Politics has become virtually inescapable, whether on social media or in games. For the nonprofit iCivics, this isn’t a recent development. Former U.S. Supreme Court Justice Sandra Day O’Connor founded it in 2009 to provide tools for civic education with free games like Counties Work and We the Jury, which are all available on the web. Its most popular, like Executive Command and Win the White House, are also on iOS and Android.

iCivics develops free lesson plans and games for students ranging from elementary school to high school, and it’s careful to be nonpartisan. The goal has always been to start the conversation and give students information, not to sway their political beliefs; however, executive director Louise Dubé told GamesBeat that in the current political atmosphere, it’s been tougher than ever to do so.

“Obviously, the country has gotten more polarized,” said Dubé in a phone call. “What started out as a non-partisan stance in some of our games is now being challenged as potentially partisan, because the policy proposals in real life are more polarized. We think about that a great deal.”

To counteract any possible partisanship, iCivics has an internal review process that’s reviewed by academics. Once a game is published, they review the content based on feedback they receive and adjust as needed.

“If people have issues after the publication of the content, we take a look at it again, but for the most part, when we get as many comments from the right as we do from the left, we feel like we’ve probably done our jobs,” said Dubé.

iCivics gets the most traffic around presidential elections, but they also see activity throughout the whole school year starting in August when most students return to the classroom. After the 2016 presidential election, Dubé says that they received a significant uptick in traffic.

“We had a 20 percent increase in interest in games like Executive Command and Win the White House, which were related to events directly,” said Dubé. “We saw more than 200 percent increase in traffic. We’ve had 90,000 user reviews this year. It’s been a tremendous experience. It makes the point that games for learning are effective.”

Because of the young age of most of their players, iCivics doesn’t capture information from them directly. However, it recently sent out a survey for teachers and received about 1,200 responses.

“They cited as the number one impact on their classrooms the fact that it engages kids in all classroom activities – not just civic education, not just social studies,” said Dubé. “They’re more awake. They’re more interested. That’s a basic message about games.”

iCivics games are primarily role-playing games, a deliberate design decision to give players a feeling of ownership over their actions. In Win the White House, for instance, players design their candidate and then take turns campaigning against an AI opponent. They fundraise, choose which issues are on their platform, participate in debates, and design ads. Counties Work has a heavier focus on resource management. As the county chair, the player has to balance fundraising, building public spaces, popularity ratings, and helping citizens find the right department to address their issues.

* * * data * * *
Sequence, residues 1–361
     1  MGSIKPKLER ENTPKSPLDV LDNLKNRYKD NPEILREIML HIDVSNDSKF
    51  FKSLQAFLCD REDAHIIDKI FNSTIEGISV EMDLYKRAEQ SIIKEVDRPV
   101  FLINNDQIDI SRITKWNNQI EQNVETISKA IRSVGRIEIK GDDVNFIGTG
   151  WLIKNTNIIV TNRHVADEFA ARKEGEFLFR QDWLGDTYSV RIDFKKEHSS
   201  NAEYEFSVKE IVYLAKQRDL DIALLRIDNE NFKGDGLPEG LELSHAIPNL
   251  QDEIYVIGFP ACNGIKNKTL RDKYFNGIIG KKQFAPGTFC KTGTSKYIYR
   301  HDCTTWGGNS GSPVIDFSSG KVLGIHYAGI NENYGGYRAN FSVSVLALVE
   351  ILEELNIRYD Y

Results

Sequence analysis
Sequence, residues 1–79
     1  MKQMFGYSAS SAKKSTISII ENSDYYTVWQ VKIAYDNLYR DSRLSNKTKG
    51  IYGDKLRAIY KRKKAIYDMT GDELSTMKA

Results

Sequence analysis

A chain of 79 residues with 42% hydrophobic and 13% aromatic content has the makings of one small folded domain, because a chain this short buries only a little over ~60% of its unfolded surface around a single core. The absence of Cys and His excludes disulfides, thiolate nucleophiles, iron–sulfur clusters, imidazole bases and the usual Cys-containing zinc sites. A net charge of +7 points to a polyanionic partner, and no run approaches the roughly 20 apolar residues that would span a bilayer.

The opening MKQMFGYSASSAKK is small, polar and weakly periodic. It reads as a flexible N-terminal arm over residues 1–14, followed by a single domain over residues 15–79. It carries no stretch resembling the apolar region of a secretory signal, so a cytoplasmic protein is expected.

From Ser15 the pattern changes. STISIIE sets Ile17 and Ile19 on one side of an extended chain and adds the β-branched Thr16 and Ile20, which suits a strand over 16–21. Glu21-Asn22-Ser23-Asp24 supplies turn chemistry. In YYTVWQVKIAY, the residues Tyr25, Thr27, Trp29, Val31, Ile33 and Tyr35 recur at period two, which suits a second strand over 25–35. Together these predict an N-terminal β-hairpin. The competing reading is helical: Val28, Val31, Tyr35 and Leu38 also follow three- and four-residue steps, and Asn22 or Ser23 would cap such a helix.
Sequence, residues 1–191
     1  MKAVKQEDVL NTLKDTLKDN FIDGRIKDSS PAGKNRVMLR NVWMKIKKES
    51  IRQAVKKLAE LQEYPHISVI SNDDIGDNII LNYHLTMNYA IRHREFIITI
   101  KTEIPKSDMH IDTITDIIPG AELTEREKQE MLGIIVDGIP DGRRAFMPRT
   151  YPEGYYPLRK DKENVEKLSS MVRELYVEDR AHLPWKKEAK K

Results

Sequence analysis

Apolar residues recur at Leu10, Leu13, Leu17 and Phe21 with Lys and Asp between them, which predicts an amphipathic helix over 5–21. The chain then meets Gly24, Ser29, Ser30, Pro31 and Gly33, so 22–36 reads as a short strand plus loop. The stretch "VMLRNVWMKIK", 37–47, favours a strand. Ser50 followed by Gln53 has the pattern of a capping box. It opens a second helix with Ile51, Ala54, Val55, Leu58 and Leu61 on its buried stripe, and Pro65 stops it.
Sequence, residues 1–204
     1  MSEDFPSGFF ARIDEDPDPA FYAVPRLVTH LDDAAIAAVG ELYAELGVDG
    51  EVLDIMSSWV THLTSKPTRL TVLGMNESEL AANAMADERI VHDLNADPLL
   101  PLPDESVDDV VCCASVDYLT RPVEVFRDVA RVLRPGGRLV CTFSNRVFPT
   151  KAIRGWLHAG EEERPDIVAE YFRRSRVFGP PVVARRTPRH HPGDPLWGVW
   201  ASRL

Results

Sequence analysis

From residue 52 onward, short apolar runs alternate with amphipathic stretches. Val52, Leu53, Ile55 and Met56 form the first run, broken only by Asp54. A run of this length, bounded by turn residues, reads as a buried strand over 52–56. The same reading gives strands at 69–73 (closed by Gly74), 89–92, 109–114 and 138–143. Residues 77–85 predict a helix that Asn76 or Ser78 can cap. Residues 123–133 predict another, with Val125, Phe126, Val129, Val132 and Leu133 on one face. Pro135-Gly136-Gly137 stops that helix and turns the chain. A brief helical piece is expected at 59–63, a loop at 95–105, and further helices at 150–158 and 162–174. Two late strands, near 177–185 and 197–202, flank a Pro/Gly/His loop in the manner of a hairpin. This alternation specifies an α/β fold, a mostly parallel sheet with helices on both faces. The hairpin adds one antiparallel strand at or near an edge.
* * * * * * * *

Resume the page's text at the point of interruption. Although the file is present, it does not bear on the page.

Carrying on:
Above: A debate from Win the White House.

Image Credit: iCivics

Though Dubé spoke recently at the Games for Change Festival earlier this week, she says that most of their outreach and growth come from word of mouth.

“The more teachers use us, the more they tell other teachers. That’s how we’ve been able to grow organically,” Dubé said. She added, “The other thing we do is we have an educator network. That has 91 members now, all over the country, and they’re fantastic ambassadors. They help us get the message out in their regions. They run webinars and help us on social media and get the word out in other ways. But we don’t really do much direct outreach otherwise.”

In an annual report, iCivics noted that its lesson plans and games saw use from about 130,000 U.S. teachers in 2016, and its games were played 7.5 million times by around four million students. It runs on donations from private citizens as well as grants from institutions such as the MacArthur Foundation and the Carnegie Corporation.

Counties Work is a big focus for iCivics right now, especially as local politics are discussed more than ever. It’s got some other projects in the works, though, such as a Spanish-language version of its most popular game, Do I Have a Right?, which explores the Bill of Rights and will be out this December. It’s a project that Dubé says that Justice Sonia Sotomayor has been advocating for as part of the board.

“That’ll be super exciting, because it will be the first time we provide a full range of support to English language learners,” said Dubé. “It’s not only a translation, but it’s also a tool for students to decipher difficult academic vocabulary. We’re also offering professional development support for teachers.”

To tackle the lull in activity during summer breaks, iCivics has also put together a “virtual backpack” of activities for kids to do when they’re outside of the classroom. It’s something that Dubé hopes that parents and their children can do together.

“It’s always hard to make the transition from school to home, but our games are a very good way to do that. I think there’s a tremendous interest level in our demographics,” said Dubé. “I think it’s the perfect time to do that, but we don’t have a specific program to do it right now. I think that parents might actually learn something, too. It’s a two-fer.”

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